Willard Felt was a wheelwright and blacksmith in East Milton, Mass.
According to tradition, he forged the first iron “shoes” or plates
to face the wooden rails of the Granite Railway, America’s first
railroad, constructed between 1825 and 1826 to provide stone for the
Bunker Hill monument.
According to the N.H. Felt Family Association, Willard Felt also
constructed the first railroad cars for this Granite Railway, and some
of these remained in service until the road rights were sold in 1870.
In 1831 Felt abandoned the physical trades in which he had
distinguished himself, and moved his young family into Boston proper,
where he took up the stationery trade at 82 State St.
Two years later, he sold the shop to an employee and followed his
brother, David Felt, to New York City.
In New York, David Felt had also established a stationery store.
David Felt & Co. Stationers’ Hall dealt in blank books and general
stationery. Willard joined his brother’s firm, which was also active
David Felt’s firm established a factory in Brooklyn in 1839, and
David removed to there in 1842 to run the manufacturing plant.
Willard Felt remained behind to manage the retail store at 245
Pearl St. in New York City. David subsequently set up a mill in New
Jersey, and Willard opened a new establishment on his own account at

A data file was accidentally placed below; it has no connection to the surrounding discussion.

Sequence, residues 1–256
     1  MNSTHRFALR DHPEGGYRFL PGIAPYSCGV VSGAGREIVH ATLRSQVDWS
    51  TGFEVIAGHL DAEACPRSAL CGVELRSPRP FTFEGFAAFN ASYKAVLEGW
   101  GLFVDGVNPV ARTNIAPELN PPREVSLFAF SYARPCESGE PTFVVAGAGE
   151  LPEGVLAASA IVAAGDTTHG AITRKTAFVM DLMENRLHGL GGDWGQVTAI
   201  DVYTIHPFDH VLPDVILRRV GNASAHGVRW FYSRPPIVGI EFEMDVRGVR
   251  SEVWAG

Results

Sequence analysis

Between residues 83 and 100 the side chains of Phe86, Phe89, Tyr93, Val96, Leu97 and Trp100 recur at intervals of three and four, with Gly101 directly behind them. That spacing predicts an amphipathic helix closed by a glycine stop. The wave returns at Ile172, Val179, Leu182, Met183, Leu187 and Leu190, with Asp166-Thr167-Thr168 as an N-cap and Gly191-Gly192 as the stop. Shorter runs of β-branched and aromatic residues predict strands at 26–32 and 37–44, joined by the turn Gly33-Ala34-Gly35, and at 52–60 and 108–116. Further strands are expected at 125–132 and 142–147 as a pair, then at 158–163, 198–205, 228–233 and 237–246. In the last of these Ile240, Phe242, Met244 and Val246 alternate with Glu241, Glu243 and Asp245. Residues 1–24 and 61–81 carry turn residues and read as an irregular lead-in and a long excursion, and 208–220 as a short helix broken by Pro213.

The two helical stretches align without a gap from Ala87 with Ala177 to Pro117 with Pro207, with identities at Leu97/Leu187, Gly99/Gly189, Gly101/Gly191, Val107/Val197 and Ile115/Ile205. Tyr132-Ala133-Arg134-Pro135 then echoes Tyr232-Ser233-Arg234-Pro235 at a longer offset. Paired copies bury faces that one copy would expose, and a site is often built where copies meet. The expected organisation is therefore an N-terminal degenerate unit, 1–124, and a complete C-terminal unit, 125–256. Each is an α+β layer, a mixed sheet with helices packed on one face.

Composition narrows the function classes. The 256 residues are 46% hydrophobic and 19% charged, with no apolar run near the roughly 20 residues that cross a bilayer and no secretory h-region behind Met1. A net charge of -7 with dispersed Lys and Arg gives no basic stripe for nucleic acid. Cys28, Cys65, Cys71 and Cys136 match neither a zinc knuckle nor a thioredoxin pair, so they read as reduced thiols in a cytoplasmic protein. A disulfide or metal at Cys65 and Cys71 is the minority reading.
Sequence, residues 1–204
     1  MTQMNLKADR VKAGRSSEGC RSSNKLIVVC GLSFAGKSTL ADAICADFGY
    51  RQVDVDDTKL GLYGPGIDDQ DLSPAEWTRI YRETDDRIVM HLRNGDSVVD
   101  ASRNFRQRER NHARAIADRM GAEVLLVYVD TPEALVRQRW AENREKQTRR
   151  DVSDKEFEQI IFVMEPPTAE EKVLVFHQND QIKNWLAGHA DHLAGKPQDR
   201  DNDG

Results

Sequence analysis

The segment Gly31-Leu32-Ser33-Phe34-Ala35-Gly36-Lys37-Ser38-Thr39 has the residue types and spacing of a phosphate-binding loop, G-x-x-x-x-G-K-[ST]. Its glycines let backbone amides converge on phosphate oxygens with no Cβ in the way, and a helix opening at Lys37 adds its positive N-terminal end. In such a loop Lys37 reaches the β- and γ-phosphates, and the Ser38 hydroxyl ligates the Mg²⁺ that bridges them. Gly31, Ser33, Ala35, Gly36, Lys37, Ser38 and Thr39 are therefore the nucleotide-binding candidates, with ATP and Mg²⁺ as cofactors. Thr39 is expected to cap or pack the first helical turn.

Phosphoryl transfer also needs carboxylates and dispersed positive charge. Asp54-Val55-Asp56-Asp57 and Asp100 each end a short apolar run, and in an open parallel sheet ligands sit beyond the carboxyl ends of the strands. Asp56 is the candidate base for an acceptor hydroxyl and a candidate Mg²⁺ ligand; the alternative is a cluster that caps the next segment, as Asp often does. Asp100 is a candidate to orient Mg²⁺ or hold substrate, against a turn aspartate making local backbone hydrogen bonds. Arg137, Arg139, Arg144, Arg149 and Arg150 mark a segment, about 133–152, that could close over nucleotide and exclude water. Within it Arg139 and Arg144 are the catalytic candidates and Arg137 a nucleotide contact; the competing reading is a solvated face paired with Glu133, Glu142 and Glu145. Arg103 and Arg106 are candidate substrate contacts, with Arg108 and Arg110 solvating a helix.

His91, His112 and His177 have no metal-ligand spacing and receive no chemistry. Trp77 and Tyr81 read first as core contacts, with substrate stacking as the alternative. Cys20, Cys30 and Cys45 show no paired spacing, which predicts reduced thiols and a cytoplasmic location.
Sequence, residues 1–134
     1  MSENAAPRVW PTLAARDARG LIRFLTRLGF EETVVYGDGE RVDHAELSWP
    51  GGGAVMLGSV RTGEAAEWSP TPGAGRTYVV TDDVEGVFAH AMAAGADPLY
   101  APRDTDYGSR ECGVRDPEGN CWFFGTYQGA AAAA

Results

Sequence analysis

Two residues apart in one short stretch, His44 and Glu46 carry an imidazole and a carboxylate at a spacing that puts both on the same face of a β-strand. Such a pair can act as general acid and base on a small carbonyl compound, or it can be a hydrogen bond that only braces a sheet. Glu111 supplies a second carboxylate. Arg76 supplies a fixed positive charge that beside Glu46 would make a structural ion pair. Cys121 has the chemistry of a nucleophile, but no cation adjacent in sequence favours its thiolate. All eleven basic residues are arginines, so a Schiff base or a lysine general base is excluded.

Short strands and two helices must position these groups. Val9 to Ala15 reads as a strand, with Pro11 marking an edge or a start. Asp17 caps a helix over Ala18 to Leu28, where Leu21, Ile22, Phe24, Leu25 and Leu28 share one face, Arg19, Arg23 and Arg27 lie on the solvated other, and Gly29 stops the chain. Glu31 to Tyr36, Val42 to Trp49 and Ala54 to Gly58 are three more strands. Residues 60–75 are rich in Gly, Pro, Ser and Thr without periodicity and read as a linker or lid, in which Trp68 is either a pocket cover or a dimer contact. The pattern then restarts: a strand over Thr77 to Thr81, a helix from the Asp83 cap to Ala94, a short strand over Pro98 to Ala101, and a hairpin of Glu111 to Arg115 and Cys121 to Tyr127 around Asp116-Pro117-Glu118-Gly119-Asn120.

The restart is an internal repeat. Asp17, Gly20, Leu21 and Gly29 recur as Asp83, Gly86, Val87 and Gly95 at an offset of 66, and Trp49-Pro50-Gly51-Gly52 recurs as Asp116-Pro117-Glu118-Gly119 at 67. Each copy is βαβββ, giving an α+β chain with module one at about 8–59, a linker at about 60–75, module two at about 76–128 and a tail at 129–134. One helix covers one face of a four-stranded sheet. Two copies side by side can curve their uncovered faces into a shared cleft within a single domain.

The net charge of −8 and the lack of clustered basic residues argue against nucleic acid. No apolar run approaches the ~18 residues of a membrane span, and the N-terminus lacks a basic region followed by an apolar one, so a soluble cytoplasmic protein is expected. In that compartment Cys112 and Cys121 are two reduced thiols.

174 Pearl St. in New York City.
The stationery store occupied several other premises before
Willard Felt retired from the stationery and printing business in 1859
with a net worth estimated at $1 million, a big pot in those pre-Civil
War days. He left his son, Willard L. Felt, in charge.
The firm did a good deal of business in stationery, school and
cleaning supplies with the New York City public schools.
The son expanded the business. In 1860, Willard Felt & Co.
opened a New Orleans branch, but storm clouds were on the horizon.
Louisiana seceded in 1861, and the elder Willard Felt died March 2,
1862. Both branches survived into at least the 1870s.
Heritage Auctions’ September 16, 2006, Long Beach sale offered a
counterstamped 1831 Coronet cent that had “New York / Willard Felt
& Co.” in two lines counterstamped on the obverse.
At the time, this piece was listed in neither counterstamped coin
nor merchant token catalogs.
I believe the 1831 date on the circulated cent was meant to
commemorate Willard Felt’s change of careers in that year from
physical labor to retail enterprise.
Today Felt’s stone cottage in East Milton, Mass., where he engaged
in blacksmithing those many years ago, is preserved as a historic site.
Fred L. Reed iii has been a collector and writer for many years.
Reach him at www.fredwritesright.com.